The idea came to us from another performance we did together four years ago, at the Vallum Gallery. There we created a performative action in which we used a table set as a device/system capable to move energies through laughter and nonsense. Through our Dadaist, absurdist interactions – the dishes we threw at each other, the words we used – everything became a detonator of energy. The title was Dinner for Three. It was inspired by Dinner for One, the theatrical television sketch recorded by German TV in 1962. (https://www.youtube.com/watch?v=FlNk1aQcn-Y).
We used Colin Morton’s poem At Freedom’s Gate about Schwitters being questioned by border control as a German arriving in Norway. We thought it was a really useful poem to grapple with in the context of the Brexit vote (which had recently happened in 2016). We played with the at times hospitable/aggressive/accusatory tone of the poem in relation to the polarized attitudes in the UK to the refugee crisis and immigration more generally. Some of the lines sounded innocent, others were very accusatory and suspicious. The initial part of the performance is very hospitable, sharing a meal and the second takes this nervous turn into an interrogation of belonging. (https://capa.conncoll.edu/morton.merzbook.html#37).
What were those dishes made of? They were fragile.
Heather: I made all of the plates using unfired clay, which would easily shatter/break. I made a whole dinner set for the performance which was smashed up during our ‘dinner party’. Here you can find the video of Dinner for Three: https://vimeo.com/261719646.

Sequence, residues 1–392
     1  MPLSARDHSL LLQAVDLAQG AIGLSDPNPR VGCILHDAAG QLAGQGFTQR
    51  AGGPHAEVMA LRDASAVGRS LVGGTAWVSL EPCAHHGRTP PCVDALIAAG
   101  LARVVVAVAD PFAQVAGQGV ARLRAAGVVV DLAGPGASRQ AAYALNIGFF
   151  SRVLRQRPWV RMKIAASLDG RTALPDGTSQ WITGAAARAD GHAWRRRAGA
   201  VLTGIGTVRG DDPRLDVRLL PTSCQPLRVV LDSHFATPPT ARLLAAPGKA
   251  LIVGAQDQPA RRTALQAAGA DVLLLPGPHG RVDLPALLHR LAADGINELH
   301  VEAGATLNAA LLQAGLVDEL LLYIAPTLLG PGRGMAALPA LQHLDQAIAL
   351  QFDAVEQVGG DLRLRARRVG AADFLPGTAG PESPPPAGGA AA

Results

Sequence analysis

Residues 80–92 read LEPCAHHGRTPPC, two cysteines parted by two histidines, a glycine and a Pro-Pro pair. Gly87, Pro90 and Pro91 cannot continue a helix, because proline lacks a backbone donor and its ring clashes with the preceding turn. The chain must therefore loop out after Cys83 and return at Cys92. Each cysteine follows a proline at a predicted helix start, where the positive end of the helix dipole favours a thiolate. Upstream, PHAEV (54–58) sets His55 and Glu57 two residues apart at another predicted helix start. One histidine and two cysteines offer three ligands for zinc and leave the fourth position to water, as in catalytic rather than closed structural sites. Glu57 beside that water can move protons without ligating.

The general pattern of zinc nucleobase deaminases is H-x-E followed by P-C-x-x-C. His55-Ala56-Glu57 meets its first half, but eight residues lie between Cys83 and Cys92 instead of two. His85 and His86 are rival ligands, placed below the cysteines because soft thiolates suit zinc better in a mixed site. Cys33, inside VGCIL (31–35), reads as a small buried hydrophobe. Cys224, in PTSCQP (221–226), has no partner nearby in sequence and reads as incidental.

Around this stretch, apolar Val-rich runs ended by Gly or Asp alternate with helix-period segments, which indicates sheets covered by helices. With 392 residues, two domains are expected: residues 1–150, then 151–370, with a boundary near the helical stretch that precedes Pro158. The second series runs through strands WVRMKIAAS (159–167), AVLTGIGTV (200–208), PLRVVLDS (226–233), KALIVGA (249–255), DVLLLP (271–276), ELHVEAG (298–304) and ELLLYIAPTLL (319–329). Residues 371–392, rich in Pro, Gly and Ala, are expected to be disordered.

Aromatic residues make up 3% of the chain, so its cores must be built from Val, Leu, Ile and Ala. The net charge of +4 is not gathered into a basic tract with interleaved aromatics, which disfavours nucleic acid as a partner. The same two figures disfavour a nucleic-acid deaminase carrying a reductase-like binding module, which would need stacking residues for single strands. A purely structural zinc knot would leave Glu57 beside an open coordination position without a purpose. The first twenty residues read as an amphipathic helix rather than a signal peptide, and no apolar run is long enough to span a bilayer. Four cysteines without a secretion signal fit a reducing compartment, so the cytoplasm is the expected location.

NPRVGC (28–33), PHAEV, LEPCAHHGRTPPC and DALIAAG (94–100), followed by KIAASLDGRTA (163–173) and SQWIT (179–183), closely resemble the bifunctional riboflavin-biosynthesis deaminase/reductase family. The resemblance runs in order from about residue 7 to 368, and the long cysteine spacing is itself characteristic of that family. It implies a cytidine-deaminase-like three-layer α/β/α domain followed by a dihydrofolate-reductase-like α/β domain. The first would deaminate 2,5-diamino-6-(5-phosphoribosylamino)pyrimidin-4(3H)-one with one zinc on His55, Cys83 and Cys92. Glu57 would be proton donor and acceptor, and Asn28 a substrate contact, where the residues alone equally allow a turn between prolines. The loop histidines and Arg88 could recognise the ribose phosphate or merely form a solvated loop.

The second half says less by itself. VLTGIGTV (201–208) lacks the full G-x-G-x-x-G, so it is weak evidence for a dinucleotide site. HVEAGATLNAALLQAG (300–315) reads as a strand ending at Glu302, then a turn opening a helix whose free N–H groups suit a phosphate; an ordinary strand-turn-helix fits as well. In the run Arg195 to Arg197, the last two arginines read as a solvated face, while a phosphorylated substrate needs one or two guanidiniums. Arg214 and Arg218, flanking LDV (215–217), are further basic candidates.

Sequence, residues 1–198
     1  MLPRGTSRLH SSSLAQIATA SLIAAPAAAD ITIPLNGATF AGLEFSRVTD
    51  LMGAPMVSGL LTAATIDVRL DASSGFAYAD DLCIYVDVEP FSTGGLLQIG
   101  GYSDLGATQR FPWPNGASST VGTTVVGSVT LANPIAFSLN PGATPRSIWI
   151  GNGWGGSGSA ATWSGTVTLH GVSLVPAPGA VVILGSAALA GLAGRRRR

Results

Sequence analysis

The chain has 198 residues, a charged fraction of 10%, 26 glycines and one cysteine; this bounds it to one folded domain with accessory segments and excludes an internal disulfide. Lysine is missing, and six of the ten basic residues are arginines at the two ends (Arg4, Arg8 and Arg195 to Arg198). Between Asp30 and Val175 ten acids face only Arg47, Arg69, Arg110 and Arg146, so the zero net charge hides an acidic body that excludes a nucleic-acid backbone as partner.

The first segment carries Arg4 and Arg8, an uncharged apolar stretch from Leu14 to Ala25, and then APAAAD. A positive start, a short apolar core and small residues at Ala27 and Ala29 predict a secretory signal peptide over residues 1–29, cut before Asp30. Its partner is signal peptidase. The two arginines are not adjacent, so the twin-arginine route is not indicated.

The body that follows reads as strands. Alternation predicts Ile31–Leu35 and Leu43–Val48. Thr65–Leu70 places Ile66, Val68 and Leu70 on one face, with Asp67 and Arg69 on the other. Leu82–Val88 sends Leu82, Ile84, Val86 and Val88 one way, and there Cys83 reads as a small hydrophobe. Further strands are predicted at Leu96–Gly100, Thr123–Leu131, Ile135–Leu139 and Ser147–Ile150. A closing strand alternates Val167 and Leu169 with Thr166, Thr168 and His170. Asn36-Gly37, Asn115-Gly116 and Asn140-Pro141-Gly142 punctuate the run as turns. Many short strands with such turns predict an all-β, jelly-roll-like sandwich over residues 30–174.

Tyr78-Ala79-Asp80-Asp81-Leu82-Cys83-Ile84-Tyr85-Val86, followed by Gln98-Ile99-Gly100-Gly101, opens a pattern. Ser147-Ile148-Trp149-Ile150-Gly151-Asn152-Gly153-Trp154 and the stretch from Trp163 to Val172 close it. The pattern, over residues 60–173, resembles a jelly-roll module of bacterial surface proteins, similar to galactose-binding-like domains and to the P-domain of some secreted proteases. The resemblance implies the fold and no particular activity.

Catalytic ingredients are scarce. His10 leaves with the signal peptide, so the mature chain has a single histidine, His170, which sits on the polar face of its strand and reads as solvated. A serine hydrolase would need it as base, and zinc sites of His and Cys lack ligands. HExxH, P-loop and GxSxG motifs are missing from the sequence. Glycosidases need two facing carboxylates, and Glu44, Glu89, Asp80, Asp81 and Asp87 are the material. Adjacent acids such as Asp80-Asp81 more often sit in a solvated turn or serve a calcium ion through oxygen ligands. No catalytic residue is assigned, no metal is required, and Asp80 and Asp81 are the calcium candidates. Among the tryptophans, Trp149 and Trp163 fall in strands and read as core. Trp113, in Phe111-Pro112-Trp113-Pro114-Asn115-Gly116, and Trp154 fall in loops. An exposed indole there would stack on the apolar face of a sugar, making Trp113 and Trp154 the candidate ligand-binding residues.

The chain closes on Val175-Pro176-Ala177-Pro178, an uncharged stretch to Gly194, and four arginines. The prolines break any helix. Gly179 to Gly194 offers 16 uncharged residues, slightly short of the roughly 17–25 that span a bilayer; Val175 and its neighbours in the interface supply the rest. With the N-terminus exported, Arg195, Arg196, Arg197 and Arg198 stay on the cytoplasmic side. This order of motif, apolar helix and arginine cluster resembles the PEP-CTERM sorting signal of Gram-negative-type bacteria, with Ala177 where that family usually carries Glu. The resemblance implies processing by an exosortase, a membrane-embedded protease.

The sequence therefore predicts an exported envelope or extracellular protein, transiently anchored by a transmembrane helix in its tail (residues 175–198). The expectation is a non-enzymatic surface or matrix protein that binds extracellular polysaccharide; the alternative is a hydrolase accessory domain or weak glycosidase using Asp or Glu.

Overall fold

Let’s talk again about your ‘Dada Aperitivo at the Tabula Rasa’ at DadAmeno festival. Which materials did you use?
In 2021 we bought a decommissioned cargo parachute. We made pieces of it into dresses which functioned as large bibs/tablecloths which were joined in the middle to facilitate a collaged ‘aperitivo’ – in the sense of the Italian cultural ritual of engaging in pre-mealtime food and drink, meant to ‘whet the appetite’. The documentation of this performance is printed in the form of a limited-edition zine.
You created a cloth exploding with colorful letters and numbers.
Yes, we developed sections of the parachute using screen printing techniques.
You were just amazing. Dressed as queens and parading down the park steps into the amphitheater.
Thanks to you guys we were able to move easily. DadaMilano as our waiters struggled a lot to try to rescue the aperitivo!
We were very happy to be part of your performance. We also really liked the evolution of the game, which was interrupted by a prosecco break at each round.
We did five rounds, until we yelled “Tabula Rasa!” At that point it was clear that the match had a happy ending.
What are your current projects?
We are continuing to work with our parachute in different contexts. DadAmeno is a good example of this. It is part of our ongoing collaborative project Statement of Intent (S.O.I.) as you can see in these two pictures:
We had to cut the parachute into pieces. It was so heavy – 70 kilos!
What is S.O.I. about?
S.O.I. is an open-ended, mobile and performative structure of accumulating art forms, which visually articulates our ideas, citing selected elements of Schwitters and Hausmann’s collaboration. We made sections of parachute into picnic blankets to host a special event for our friends, in the Lake District. Our decommissioned cargo parachute, not unlike Schwitters’ Merzbau project, adjusts to accommodate its environment, is deliberately unresolved, continually expanding and transforming, and is a collaborative undertaking combining multiple perspectives, voices and languages.